Just two hours from Marseille, the Camargue’s vast, wild beaches are a little corner of paradise for travellers seeking tranquillity. The beaches of Piémanson and Beauduc, made up of fine sand and stretching for several kilometres, give the impression of travelling out of time.

This Provençal region attracts many festivities, including Camargue races, during which white-clad bullfighters attempt to remove the cockade from a bull’s forehead. Two férias are also held each year in the towns of Arles and Les Saintes-Maries-de-la-Mer.

Day 3: The Alpilles, a land of light and minerals

Les Baux-de-Provence, village and castle

Nicknamed the ‘eagle’s nest’, Les Baux-de-Provence is brimming with trails that will delight lovers of nature and history. Located in the heart of the Alpilles Regional Nature Park, these paths are an opportunity to admire the local flora and fauna, with 960 species of plant, 90 species of bird, 19 species of bat and several hundred species of insect. Les Baux has inspired many artists, including Vincent Van Gogh, Jean Cocteau and Yves Brayer, and is one of the most beautiful villages in France. On this third day of your holiday, don’t forget to visit the Château des Baux-de-Provence and its ramparts, one of the town’s historic relics.

Saint-Rémy-de-Provence, land of the arts

The capital of the Alpilles region, Saint-Rémy-de-Provence exudes all the charm of the Provencal art of living. This exceptional place of culture and history takes you back 2,000 years. Take your time strolling along the shaded boulevards, through the narrow streets of the historic centre and across the small squares adorned with fountains. Numerous craft shops and art galleries welcome you to discover the artistic and cultural heritage of Provence. You can also enjoy a meal in one of the town’s friendly bistros, which showcase local produce.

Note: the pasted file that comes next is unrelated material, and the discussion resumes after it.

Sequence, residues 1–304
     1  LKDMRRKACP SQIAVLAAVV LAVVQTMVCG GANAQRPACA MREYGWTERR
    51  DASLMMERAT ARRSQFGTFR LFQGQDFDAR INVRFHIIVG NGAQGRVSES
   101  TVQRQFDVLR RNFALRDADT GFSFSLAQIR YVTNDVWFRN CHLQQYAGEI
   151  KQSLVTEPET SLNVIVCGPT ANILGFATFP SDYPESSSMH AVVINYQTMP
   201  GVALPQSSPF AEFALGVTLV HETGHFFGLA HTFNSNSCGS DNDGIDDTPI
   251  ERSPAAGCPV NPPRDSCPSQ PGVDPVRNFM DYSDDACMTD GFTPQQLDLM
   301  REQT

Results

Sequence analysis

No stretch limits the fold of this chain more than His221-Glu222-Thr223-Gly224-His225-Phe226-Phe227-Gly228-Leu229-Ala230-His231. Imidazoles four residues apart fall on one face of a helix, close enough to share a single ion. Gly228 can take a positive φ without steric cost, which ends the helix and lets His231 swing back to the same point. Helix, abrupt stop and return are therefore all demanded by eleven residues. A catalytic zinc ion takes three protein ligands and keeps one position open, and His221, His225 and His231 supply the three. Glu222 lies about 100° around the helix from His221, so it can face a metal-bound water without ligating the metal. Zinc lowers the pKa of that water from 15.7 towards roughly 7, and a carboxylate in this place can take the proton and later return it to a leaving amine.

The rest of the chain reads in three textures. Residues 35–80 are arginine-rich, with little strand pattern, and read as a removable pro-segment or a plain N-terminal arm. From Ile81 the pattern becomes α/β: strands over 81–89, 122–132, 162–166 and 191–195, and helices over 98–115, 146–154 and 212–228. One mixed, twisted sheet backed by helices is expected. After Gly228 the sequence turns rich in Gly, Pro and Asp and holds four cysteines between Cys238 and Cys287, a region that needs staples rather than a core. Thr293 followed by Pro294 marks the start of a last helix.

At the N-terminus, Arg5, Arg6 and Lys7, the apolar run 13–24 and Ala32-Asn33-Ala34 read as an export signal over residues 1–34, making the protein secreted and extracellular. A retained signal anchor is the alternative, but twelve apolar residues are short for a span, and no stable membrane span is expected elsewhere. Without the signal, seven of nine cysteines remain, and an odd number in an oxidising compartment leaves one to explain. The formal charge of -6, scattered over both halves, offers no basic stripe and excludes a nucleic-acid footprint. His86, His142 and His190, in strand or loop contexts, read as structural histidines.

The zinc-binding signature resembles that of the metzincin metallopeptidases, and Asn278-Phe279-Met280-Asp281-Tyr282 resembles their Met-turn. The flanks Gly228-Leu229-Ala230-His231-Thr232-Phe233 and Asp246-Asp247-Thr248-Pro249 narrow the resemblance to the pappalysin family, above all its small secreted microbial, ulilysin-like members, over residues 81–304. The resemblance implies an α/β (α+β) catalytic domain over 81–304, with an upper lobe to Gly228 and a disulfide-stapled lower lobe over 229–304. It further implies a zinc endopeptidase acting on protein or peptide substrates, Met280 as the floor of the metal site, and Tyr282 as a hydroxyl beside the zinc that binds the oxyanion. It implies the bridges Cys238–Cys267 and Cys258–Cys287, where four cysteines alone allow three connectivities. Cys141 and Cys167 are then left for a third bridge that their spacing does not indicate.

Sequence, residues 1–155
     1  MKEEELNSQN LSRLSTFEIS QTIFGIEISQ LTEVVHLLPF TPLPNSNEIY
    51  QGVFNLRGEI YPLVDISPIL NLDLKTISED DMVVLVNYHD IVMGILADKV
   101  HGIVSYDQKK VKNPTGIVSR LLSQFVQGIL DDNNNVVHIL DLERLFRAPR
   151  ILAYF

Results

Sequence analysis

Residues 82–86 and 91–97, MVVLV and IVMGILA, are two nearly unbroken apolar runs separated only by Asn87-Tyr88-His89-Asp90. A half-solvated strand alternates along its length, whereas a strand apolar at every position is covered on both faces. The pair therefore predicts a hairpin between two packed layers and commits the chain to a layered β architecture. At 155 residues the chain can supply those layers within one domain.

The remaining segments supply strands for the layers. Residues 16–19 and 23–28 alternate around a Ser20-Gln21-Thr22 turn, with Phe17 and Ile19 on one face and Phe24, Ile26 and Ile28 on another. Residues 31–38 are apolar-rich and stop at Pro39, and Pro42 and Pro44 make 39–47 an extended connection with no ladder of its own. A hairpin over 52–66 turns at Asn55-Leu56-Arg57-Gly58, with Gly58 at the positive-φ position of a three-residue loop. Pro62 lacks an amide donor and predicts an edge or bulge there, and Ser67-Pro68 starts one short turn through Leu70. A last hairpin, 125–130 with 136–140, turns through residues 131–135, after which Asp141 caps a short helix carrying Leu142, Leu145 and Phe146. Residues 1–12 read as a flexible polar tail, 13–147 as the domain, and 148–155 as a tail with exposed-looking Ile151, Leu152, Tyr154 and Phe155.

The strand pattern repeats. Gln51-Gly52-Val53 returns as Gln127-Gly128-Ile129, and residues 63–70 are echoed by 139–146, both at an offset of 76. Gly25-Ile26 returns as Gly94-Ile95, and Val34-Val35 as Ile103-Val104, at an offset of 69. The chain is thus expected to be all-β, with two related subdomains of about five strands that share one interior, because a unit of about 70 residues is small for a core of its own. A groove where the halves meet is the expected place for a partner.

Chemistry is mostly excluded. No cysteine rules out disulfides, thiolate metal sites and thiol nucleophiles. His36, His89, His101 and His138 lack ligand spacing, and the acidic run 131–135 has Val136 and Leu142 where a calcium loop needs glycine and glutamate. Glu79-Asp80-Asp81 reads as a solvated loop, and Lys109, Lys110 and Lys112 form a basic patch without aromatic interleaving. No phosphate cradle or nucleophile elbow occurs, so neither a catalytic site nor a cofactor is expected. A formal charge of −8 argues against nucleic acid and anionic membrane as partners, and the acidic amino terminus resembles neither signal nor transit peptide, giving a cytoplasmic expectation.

The ancient city of Glanum

Situated in the heart of the Alpilles mountains, Glanum is an ancient city of the Roman Empire in the commune of Saint-Rémy-de-Provence. Founded by the Celts, it was heavily influenced by the Greeks. Initially dedicated to the Gallic healing god Glanis (before it became Glanum), it reached its apogee at the time of the first Roman emperor Augustus. The city developed thanks to the protection of the Alpilles hills, the presence of a sacred spring and the proximity of the Via Domitiana. From the viewpoints, you can enjoy an exceptional panoramic view of the site before enjoying the pleasures of its sacred spring.

Day 4: Aix-en-Provence and Sainte Victoire

From Cours Mirabeau to Place des Cardeurs

For this fourth and final day in Provence, we propose a stroll through the centre of Aix-en-Provence, just half an hour from Marseille. From the Cours Mirabeau to the Place des Cardeurs, stroll through the picturesque streets of the town, where you’ll see many fountains. Home to the Impressionist painter Paul Cézanne, a number of renowned cultural institutions are within easy reach, including the Musée Granet, dedicated to the artist, and the fondation Vasarely, which hosts seminars and private events. It is also possible to visit Cézanne’s studio throughout the year, subject to prior booking. During your visit to this authentic Provencal town, we suggest you try calissons, an Aix speciality made from candied melon and almonds.

Sainte-Victoire, in the footsteps of Cézanne

A limestone massif joining the Var and Bouches-du-Rhône departments, the Sainte-Victoire to the east of Aix-en-Provence is home to a range of hiking trails suitable for everyone from beginners to seasoned walkers. With a peak culminating at 1,011 metres, even the most adventurous hikers are in for a treat when they head out into the countryside under the Provencal sun. Each walking route provides an opportunity to learn more about the religious heritage of the massif (the Croix de Provence, priories, small chapels, etc.). Sainte-Victoire long inspired the painter Paul Cézanne, who produced 44 oil paintings and 43 watercolours of this majestic mountain. His most famous works were produced from the Painters’ Field, located on the chemin de la Marguerite on the Lauves hill.